Does a pregnant women meet the definition of a person with a disability?

If a person has been a drug addict can they meet the definition of a person with a disability?

slide43
Quiz

If the housing provider does not have any accessible units can the provider deny individuals with disabilities from applying?

If the Resident Advisory Board meets in a building that is not accessible, since it is historic, can the housing provider deny persons with disabilities membership on the Board?

reasonable accommodations quiz
Reasonable AccommodationsQuiz
  • Do reasonable accommodation requests have to be made in writing? By the person with the disability?
  • Do verifications of a disability and a need for a reasonable accommodation have to be from a licensed medical provider?
  • Can a request be turned down if there is not a nexus between the type of disability and the requested accommodation?
reasonable accommodations quiz1
Reasonable AccommodationsQuiz
  • Does the housing provider have to pay for a reasonable modification? When don’t they?
  • Does a housing provider have to approve a request for an accessible parking space if none of the parking is assigned?
reasonable accommodation quiz
Reasonable Accommodation Quiz
  • Can the housing provider require a tenant to move into an accessible unit when one is available if the disabled tenant is currently in an non-accessible unit?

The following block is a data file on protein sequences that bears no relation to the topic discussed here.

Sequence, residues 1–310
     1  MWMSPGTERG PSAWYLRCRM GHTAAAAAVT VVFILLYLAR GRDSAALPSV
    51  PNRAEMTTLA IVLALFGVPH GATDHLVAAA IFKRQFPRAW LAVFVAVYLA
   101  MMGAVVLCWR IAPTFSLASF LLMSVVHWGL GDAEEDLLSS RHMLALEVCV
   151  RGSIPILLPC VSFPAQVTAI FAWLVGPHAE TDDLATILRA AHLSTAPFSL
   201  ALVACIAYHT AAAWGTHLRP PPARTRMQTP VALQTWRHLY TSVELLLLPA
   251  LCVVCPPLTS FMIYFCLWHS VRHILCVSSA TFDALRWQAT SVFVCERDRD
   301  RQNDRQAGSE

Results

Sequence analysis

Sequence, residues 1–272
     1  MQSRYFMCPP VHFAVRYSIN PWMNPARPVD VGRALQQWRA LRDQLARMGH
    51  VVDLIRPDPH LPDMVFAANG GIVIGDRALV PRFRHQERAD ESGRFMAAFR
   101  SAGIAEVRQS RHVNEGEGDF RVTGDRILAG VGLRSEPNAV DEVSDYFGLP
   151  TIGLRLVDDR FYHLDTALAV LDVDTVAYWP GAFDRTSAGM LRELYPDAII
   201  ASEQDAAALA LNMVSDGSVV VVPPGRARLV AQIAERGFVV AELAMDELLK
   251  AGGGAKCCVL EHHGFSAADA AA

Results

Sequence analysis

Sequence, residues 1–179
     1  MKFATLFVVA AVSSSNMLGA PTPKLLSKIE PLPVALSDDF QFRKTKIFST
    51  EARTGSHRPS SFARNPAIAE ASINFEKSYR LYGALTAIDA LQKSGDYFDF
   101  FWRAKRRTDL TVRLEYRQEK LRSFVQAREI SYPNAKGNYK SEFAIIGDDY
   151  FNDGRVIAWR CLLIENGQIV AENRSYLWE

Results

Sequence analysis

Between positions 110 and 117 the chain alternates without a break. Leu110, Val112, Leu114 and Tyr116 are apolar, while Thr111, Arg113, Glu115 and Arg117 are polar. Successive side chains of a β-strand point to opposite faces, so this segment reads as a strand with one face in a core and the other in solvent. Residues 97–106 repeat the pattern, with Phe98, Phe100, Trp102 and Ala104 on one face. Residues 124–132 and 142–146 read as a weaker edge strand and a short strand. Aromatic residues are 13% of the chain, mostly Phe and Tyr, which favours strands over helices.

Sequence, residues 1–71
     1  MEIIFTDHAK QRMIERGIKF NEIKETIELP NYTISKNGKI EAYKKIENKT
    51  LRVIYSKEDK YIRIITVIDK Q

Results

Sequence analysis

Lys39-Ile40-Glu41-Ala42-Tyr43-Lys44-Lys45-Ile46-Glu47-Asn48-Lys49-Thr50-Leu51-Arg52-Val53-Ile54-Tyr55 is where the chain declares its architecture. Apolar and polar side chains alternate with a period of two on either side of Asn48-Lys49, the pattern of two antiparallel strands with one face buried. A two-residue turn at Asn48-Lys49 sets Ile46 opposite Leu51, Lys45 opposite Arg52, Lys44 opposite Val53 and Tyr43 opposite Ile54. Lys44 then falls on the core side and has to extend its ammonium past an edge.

• Can a housing provider require a tenant to provide a name of a co-sponsor to prove that they can live independently?
reasonable accommodation quiz1
Reasonable Accommodation Quiz
  • Can housing providers charge a tenant with a disability to transfer to an accessible unit from a unit that is not accessible?
  • Can a housing provider deny a request that entails taking the tenant to the store and assisting them with their shopping? If so, why?
to file a fair housing complaint
To File A Fair Housing Complaint
  • You can file a fair housing complaint by using HUD’s On Line Form accessible through our Web site

http:www.hud.gov

  • You can call toll free in Denver

1-800-877-7353

  • File with a FHIP Agency if Applicable
remedies for discrimination
REMEDIES FOR DISCRIMINATION
  • ACTUAL ECONOMIC DAMAGES
  • COMPENSATION FOR PAIN AND SUFFERING AND NON-ECONOMIC INJURY
  • ATTORNEYS FEES
  • CIVIL PENALTIES
  • PUNITIVE DAMAGES
fair housing1
Fair Housing:

It’s Not an Option

Its the Law!

slide52
For more information contact:

Michele Hutchins, Equal Opportunity Specialist

Office of Fair Housing & Equal Opportunity

U.S. Department of Housing & Urban Development 125 S. State Street, Room 3001

Salt Lake City, UT 84138

(801) 524-6097-Direct line

(801) 524-6909-TDD/TTY line

1-800-877-7353 – Denver Toll Free

email: [email protected]